ICA Curator Fatoş Üstek: My London Cultural Diary
Curator Fatoş Üstek discusses the challenges of putting 50 exhibitions on in 50 weeks for the groundbreaking fig-2 exhibition in the ICA Studio
Hiraki Sawa, ‘Lineament,’ 2012, two-channel video, colour, silent customised record player, vinyl record, stereo sound. Sound by Dale Berning and Ute Kanngiesser 18’ 47”. Installation image of fig-2 exhibition. Courtesy of the artist. Photography by Sylvain Deleu
This time around Üstek is on a mission to take that methodology one step further. ‘Fig-1 was mostly one work, a single installation, but fig-2 branches out…we are just adding another layer by inviting more than one artist to collaborate or people of different backgrounds to come.’ But why now? Üstek explains, ‘fig-1 was considered to be a seminal event. So if you are to revive something that had an impact at the time, 10 years or 15 years later is a good time for change’. And with 200 people arriving every Monday at the Institute of Contemporary Arts to christen the latest exhibition, it’s clear that the London audience is ready for this kind of contemporary art show.
The fast-paced changeover of the fig-2 exhibition is firmly in keeping with the pop-up culture of London, with taster sessions of contemporary art each week to tantalise visitors. Üstek speaks animatedly about the audience that fig-2 2015 is enticing to the ICA Mall London address: ‘London is so rich in its happenings that people are used to catching up , it’s not – let’s wait for the weekend - but people also like to do things after work’. Bankers and city types are amongst the visitors sampling these bite-sized (but decidedly complex) portions of contemporary art. Think of fig-2 as the modern 90s rave, which you’d only hear about by getting a message from a friend. ‘That’s the nature of fig-2,’ Üstek laughs, ‘if you miss it - that’s it!’
Laura Eldret, ‘3 | The Juicers’, 2015, various media. Installation image of fig-2 exhibition. Courtesy of the artist. Photography Sylvain Deleu
If nothing fig-2 is immensely ambitious. Each Sunday walls move, screens come down and the space transforms for the next project in the contemporary gallery. The endeavour is overwhelmingly complicated, but with Üstek at the head it seems to be under control. Without a theme as such, Üstek explains that there is an intention that underlies the whole programme. ‘I have several themes…it’s almost like a multitude of different angles from which you can pick up different things’. Pop into this contemporary art gallery in London next month you might discover a performance piece or even a fashion exhibition, the line of a poem or a line drawn down the middle of the gallery space.
Fatoş Üstek has been making her own waves in the art world as associate curator for the 10th Gwangju Biennale in South Korea and as a previous guest tutor at Linköping University in Sweden. Originally hailing from Istanbul, Üstek took time out of her hectic schedule to share all her favourite spots in London.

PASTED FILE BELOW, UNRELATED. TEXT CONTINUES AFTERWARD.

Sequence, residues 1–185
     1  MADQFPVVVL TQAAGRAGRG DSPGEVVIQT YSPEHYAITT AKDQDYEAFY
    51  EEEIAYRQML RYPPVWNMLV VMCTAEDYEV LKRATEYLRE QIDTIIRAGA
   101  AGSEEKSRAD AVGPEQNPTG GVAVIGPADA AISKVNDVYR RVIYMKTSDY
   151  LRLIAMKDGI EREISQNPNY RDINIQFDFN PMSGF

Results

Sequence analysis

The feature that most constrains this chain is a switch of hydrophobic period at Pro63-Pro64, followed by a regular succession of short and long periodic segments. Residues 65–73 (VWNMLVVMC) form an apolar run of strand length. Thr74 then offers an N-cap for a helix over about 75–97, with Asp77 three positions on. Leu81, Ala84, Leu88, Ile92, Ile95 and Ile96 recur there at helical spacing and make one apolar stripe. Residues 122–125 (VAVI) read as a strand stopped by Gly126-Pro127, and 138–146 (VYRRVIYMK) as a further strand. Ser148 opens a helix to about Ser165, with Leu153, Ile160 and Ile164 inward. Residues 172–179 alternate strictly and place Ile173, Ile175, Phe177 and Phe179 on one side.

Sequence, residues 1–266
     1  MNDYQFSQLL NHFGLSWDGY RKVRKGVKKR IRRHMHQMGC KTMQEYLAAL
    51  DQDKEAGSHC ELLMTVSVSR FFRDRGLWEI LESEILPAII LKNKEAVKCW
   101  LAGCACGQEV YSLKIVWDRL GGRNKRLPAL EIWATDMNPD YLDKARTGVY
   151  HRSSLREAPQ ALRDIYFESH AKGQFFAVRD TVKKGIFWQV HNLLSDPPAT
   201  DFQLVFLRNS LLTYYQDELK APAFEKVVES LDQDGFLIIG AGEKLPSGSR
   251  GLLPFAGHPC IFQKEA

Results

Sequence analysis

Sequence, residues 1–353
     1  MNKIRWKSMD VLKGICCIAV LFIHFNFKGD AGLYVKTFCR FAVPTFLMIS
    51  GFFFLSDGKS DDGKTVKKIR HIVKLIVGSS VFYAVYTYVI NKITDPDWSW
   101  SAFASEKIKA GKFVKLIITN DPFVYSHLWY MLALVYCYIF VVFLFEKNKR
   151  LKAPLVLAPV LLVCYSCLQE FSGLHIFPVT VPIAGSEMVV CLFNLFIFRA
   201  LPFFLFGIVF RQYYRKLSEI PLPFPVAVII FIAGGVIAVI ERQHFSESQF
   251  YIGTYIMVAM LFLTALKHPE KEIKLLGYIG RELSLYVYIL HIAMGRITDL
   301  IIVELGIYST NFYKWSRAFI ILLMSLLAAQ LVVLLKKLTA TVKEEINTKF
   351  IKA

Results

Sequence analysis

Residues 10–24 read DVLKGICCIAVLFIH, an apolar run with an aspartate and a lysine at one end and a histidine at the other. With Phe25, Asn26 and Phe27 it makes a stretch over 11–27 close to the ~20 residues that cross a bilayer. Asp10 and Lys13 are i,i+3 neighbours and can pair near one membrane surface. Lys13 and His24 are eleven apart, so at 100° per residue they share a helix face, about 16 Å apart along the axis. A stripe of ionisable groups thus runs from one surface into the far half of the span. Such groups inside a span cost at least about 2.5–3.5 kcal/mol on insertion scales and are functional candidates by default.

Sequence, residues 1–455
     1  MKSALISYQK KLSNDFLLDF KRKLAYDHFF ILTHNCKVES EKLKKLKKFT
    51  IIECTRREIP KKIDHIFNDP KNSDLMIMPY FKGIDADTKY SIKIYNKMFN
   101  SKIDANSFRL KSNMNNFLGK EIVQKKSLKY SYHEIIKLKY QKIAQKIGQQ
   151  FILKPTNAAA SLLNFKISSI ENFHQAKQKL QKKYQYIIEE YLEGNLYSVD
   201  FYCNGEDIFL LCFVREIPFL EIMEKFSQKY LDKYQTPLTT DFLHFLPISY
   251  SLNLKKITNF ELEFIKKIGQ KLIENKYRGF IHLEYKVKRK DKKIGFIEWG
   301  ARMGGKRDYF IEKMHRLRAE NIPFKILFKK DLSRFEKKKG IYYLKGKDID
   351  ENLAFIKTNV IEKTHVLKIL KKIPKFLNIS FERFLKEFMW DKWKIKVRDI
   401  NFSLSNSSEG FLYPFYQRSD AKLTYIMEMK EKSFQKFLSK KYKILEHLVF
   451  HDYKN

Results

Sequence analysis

British Museum - I drop in almost every Sunday to look at a single piece that I pick by using surrealist chance games.
Bonnie Gull on Foley Street. Ask for bad boys, if you go for a meal.
Best-loved walk or view?
Regent’s Park is an all-time favourite, but I occasionally take late night walks around my neighbourhood to explore different parts of the borough.
Greatest meal you’ve ever had in London?
I have been spoiled with amazing meals, but some of my all-time favourites are Modern Pantry in St Johns Square; Plum & Spilt Milk in Kings Cross. And I once drank a vintage red at Ritz Carlton, which felt like drinking clouds!
Charles Avery, ‘We don’t stay here because of gravity we stay because we like it’, 2014, Screen print on paper, 45.8 x 38.2 cm. Installation image of fig-2 exhibition. Courtesy of the artist. Photography by Sylvain Deleu
Favourite local restaurant/bar/pub?
I recently discovered Franco Manca on Tottenham Court Road, a good stop after long hours of work on the way home! I used to frequent pubs on Lambs Conduit Street, but these days I don't have much time for anything except my local or Shoreditch House where I organise Art Talks and sometimes use the gym and rooftop pool.
Most memorable aesthetic experience?
I cannot forget the year I read the Samuel Beckett trilogy, and especially The Unnamable. I was eighteen or so and I remember reading each page as slowly as I could.
For a visual encounter I remember memorizing French photographer Jacques Lartigue's images when I was writing my first published text for Genis Aci, a Photography Art Magazine in Turkey. And whenever I want to remember a nice thought, I think of the bone attached to a coffee cup - Mark Mander's A Place Where My Thoughts Are Frozen Together, 2001.
Fatos Ustek, Art Fund Curator at fig-2. Photography by Sylvain Deleu
Hidden gem no-one else knows about?
London is a treasure garden for hidden gems. I attend Open House almost every year and get to discover so many new things like a masonic temple in the basement of a hotel or a Japanese garden in Kensington.
Best for children?
Where will you be seen this month?
I’ll be at ICA Studio every Monday - not only this month, but the whole year! Otherwise I’ll be on my bike crossing the city for studio visits.
Public/cultural/artistic figure you admire?
I enjoyed every second of working with Jessica Morgan when we were curating the 10th Gwangju Biennial. I also have tremendous respect for the artist Ayşe Erkmen and the imaginative forces at play in her astonishing body of work.